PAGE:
Thinking about 1.5 liters engine displacement, in other times it would have come natural to us to look not only upwards (as we did in a recent comparison, which also includes the 1.86 liter KDI 1903M from Kohler), but also downwards, even looking at the oversized single cylinder engine (for example, the D series by Hatz) or the twin cylinders, species now in danger of extinction. Less performing but extremely compact units.

1.5 liters Diesel engines, 20 years ago

Pointing the finger at the world map of engines for mobile applications, at 1.5 liters we find the twins from Caterpillar and Perkins, Hatz, with its best in class, split between 3 and 4 cylinders (and two liters of engine displacement) and Yanmar. We are obviously talking about three-cylinder engines. Three, a number that in the cabal stands for the synthesis and conciliation between parties. It is clearly a constant. We went through the annals of our DIESEL magazine, taking a twenty-year leap back. In 2001, an epochal year, more than the jubilee year (the Euro, the G8 in Genoa and the Twin Towers, just to mention some), the protagonists were six. A sign of continuity between the past and the present is the Perkins 400 series, which confirms stroke and bore, a reminder of the alliance with Shibaura. Yanmar enjoyed its place in the sun among gardening engines, along with fellow citizen Kubota, which formed a terrific trio with Isuzu. Japan is the home of construction machinery characterized by the suffix ‘mini’ and still reflects its light on earth moving. At 1,500 cubic centimeters, however, only Yanmar remained. What happened to the other two Japanese? At the time, Kubota presented the D1703E (AxC 87×98.4mm). DIESEL read, word for word: “Overall very efficient (pme at a maximum power of over 7 bar), the Kubota benefits from power and torque thanks to its generous engine displacement and then lags behind with its dimensions. Despite the high power and torque it does not excel in the Performance Index for a relatively empty torque curve at the bottom and rather stiff at the top. But what penalizes the Kubota Diesel Index is the somewhat ‘untidy’ way of assembling the aggregates. If we exclude the overall density from the optimal result, the other specific density values ​​reflect a ‘messy’ exterior layout which has the advantage, however, of easy mechanical accessibility for both routine and extraordinary interventions. Time has passed and Kubota has reconciled the proverbial reliability with power density, conceiving the D1703, which we have excluded out of zeal (the displacement  is 1.65 liters), the V3800 and even a 5-liter, disrupting the comparison, Diesel of the year 2019, the V5009”.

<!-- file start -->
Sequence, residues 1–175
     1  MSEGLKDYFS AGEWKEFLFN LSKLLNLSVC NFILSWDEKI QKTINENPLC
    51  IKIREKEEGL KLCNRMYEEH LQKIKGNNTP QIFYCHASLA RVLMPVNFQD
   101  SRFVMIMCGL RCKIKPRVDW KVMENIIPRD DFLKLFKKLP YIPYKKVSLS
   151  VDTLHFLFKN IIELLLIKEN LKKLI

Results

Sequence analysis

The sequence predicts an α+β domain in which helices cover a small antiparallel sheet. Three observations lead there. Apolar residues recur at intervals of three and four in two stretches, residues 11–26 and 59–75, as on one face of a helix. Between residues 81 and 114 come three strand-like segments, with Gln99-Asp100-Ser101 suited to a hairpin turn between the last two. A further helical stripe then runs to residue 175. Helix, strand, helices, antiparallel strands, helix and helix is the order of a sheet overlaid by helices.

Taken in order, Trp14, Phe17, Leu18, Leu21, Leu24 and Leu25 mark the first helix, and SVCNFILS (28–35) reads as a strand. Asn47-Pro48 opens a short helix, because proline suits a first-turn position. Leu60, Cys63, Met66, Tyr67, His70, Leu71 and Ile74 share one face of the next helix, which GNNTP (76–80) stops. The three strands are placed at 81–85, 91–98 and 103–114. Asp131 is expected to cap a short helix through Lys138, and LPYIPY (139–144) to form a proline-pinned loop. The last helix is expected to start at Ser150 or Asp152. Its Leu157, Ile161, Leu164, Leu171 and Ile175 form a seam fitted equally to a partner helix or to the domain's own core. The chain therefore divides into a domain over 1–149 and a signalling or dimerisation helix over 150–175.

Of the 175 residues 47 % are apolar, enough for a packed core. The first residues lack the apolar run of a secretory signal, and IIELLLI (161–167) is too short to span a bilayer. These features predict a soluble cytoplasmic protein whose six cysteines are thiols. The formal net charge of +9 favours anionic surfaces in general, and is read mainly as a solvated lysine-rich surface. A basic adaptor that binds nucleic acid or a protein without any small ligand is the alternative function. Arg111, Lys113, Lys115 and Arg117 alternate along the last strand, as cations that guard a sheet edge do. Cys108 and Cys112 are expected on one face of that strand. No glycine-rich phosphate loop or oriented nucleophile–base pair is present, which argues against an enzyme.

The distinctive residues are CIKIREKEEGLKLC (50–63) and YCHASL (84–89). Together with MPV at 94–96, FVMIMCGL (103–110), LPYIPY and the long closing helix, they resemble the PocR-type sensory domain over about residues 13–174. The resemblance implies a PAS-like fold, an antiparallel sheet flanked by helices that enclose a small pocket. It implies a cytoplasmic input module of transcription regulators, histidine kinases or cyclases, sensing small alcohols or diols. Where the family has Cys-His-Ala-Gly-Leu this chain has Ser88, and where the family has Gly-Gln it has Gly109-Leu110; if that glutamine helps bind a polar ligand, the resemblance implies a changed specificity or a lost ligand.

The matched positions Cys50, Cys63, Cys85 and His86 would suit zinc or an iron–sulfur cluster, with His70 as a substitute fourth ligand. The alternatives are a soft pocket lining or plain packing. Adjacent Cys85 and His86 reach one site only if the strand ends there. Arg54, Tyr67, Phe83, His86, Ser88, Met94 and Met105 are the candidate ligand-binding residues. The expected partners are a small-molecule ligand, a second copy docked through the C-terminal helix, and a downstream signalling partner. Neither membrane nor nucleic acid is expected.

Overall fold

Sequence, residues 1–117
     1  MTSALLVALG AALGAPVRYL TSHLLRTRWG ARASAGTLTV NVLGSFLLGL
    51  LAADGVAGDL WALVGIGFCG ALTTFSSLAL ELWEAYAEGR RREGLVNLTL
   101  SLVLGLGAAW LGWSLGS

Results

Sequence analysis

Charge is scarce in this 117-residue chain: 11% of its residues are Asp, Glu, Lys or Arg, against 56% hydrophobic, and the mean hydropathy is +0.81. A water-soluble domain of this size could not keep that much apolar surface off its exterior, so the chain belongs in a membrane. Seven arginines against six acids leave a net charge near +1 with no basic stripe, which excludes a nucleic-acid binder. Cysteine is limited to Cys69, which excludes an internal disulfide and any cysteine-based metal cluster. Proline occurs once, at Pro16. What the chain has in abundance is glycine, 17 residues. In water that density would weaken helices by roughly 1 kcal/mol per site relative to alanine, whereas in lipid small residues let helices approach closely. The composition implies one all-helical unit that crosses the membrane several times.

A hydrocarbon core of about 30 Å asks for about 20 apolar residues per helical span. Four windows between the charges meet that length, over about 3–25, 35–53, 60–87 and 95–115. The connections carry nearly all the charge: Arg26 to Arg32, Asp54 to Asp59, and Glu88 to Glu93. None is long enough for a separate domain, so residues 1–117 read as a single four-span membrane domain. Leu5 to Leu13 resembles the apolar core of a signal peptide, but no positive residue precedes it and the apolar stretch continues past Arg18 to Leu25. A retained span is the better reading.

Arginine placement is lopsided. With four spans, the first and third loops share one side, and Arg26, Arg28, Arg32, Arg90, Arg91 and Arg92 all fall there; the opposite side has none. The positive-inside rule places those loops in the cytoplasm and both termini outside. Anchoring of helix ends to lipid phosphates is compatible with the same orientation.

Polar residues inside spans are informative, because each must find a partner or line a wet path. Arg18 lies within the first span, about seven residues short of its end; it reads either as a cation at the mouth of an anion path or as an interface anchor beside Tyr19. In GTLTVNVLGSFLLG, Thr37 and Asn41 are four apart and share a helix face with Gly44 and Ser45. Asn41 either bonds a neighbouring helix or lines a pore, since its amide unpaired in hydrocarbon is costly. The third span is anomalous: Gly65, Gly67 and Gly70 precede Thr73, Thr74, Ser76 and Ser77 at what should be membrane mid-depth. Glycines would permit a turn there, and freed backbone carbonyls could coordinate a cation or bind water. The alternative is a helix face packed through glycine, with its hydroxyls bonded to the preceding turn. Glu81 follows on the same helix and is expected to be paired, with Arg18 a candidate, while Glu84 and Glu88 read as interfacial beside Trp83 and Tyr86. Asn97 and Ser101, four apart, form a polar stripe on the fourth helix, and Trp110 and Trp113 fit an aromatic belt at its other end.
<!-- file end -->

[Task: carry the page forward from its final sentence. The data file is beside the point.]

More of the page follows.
Yanmar 3TNV86CHT

The Yanmar 3TNV86CHT stands out for its torque reserve and power at maximum torque. Twenty years ago it was the 3Tn 84E that represented Yanmar, which, unlike its grandson, was ranked in the rear, based on the performance of the power curve. Over the years, Yanmar has given the TNV series that liveliness that has made it so appreciated among telescopic and specialized handlers.

Cat and Perkins

In 2001, Perkins had been taken over by Caterpillar for three years. At that time no trace of yellow appeared in the comparison, now impersonated by the C1.7, mirroring the Perkins 403J. The overall dimensions enhance the linearity of the Peterborough design. Even then, Perkins played a lead role, with the 403C beating its competitors. We wrote that, in relation to the previous 103-15 (from the ‘late twentieth century’ …) the half-liter barrel “with identical nominal torque is the entire momentum curve to show another trend, much more sustained. This translates into the possibility of carrying out a heavier job with a much higher speed (from 6 to 15 percent higher in the arc of use, or from maximum power to maximum torque)”. And Isuzu? The 3Ld1, “even with lower power and torque values, had a particularly full and sustained torque curve over the period of use, confirmed by the best Performance Index and the Elasticity Index lower by two points than Perkins”. Among such little engine displacements there is no news of Isuzu, which confirms itself as more and more “shy” even at sector fairs.

Lombardini aka Kohler Engines

Lombardini had not yet become Kohler and “with a relatively larger engine displacement than its competitors, the LDW 1503 proves to be particularly compact both in absolute and specific terms. It does not excel in any performance even if it is certainly very powerful (high specific power) with a fairly low degree of exploitation and stress”.

The Hamletic doubt: electric or diesel

Let’s go back to the present, which paints a picture of diesel resistance on this range, despite the electrification pitfalls materializing right here, especially on the construction site. The JCB 525-60E, the Kramer KL25.5e and the Wacker Neuson Ez17e, among others, are perfect examples. The breaking point with respect to the 2001 grid is Hatz, which conceived the H series. Both 3 and 4 cylinders, the German company showed record-breaking numbers, winning the Diesel Index and imposing itself at the apex of specific curves. 

You will find soon this article on POWERTRAIN November issue.


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